As Iran-U.S. Nuclear Talks Loom, Ebrahim Raisi Faces Protests, Economic Strife

Severe drought in southwestern Iran has prompted the latest wave of anti-government protests inside the authoritarian country in recent days, as the new president Ebrahim Raisi, a hardliner known as "The Butcher," prepares to enter power.

The drought is Iran's worst in 50 years and has caused water shortages for homes and businesses, while also choking the vital hydro electrical network leading to frequent blackouts.

In southwestern Khuzestan province, people have taken to the streets chanting "death to the dictator." Security forces reportedly used deadly force against them. At least two people are believed to have been killed in five nights of protests.

"The current protests in Khuzestan are just one of many domestic crises Ebrahim Raisi will face," Sina Toossi, a senior research analyst at the National Iranian American Council, told Newsweek.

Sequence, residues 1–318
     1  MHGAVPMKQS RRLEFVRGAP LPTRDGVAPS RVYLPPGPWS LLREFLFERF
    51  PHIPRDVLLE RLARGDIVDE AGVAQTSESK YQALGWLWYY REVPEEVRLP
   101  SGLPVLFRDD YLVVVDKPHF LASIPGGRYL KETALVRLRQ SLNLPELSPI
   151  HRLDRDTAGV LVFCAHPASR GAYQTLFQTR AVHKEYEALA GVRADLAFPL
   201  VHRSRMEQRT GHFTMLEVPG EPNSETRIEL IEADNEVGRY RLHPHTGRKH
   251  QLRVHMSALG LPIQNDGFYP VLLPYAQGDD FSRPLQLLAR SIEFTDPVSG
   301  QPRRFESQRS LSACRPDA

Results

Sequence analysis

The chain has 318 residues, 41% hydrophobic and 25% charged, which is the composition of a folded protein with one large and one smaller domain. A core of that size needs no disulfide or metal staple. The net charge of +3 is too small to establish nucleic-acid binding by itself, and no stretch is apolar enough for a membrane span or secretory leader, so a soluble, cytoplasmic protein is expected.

The unrest comes at a sensitive time in Iran. Raisi—nicknamed "The Butcher" from his time as the head of Iran's judiciary—will take office in early August after his electoral victory to replace the more moderate incumbent, President Hassan Rouhani.

Soon after, nuclear talks with U.S. President Joe Biden's administration are expected to resume with the goal of reviving the Joint Comprehensive Plan of Action (JCPOA).

Raisi's election is seen as an entrenchment of the conservative ideologues in Iran. Outgoing Rouhani was considered a reformist, though critics of the theocracy say there is no such thing under the ideological umbrella of the Islamic Republic.

The incoming president's bloody past sparked concerns about a new authoritarian era under his leadership. He is backed by Supreme Leader Ayatollah Ali Khamenei, Iran's elderly ruler who has one eye on ensuring a smooth transition to his eventual successor.